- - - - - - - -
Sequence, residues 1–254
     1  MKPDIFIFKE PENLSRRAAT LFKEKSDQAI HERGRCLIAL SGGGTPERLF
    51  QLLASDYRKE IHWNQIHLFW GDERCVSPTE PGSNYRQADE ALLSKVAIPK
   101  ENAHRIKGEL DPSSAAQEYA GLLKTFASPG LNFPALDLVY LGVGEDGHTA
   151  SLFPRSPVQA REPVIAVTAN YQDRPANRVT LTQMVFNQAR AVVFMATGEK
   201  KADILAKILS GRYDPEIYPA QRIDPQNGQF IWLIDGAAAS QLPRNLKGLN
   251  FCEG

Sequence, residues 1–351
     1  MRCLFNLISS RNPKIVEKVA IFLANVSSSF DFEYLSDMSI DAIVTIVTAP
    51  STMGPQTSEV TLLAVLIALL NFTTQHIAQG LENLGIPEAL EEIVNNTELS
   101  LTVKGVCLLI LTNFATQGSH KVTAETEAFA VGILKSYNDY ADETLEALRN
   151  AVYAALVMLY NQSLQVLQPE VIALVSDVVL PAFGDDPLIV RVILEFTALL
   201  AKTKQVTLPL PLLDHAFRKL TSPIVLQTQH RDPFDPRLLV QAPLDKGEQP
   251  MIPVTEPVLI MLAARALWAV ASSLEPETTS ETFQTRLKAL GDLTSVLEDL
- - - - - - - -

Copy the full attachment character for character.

Sequence, residues 1–254
     1  MKPDIFIFKE PENLSRRAAT LFKEKSDQAI HERGRCLIAL SGGGTPERLF
    51  QLLASDYRKE IHWNQIHLFW GDERCVSPTE PGSNYRQADE ALLSKVAIPK
   101  ENAHRIKGEL DPSSAAQEYA GLLKTFASPG LNFPALDLVY LGVGEDGHTA
   151  SLFPRSPVQA REPVIAVTAN YQDRPANRVT LTQMVFNQAR AVVFMATGEK
   201  KADILAKILS GRYDPEIYPA QRIDPQNGQF IWLIDGAAAS QLPRNLKGLN
   251  FCEG

Sequence, residues 1–351
     1  MRCLFNLISS RNPKIVEKVA IFLANVSSSF DFEYLSDMSI DAIVTIVTAP
    51  STMGPQTSEV TLLAVLIALL NFTTQHIAQG LENLGIPEAL EEIVNNTELS
   101  LTVKGVCLLI LTNFATQGSH KVTAETEAFA VGILKSYNDY ADETLEALRN
   151  AVYAALVMLY NQSLQVLQPE VIALVSDVVL PAFGDDPLIV RVILEFTALL
   201  AKTKQVTLPL PLLDHAFRKL TSPIVLQTQH RDPFDPRLLV QAPLDKGEQP
   251  MIPVTEPVLI MLAARALWAV ASSLEPETTS ETFQTRLKAL GDLTSVLEDL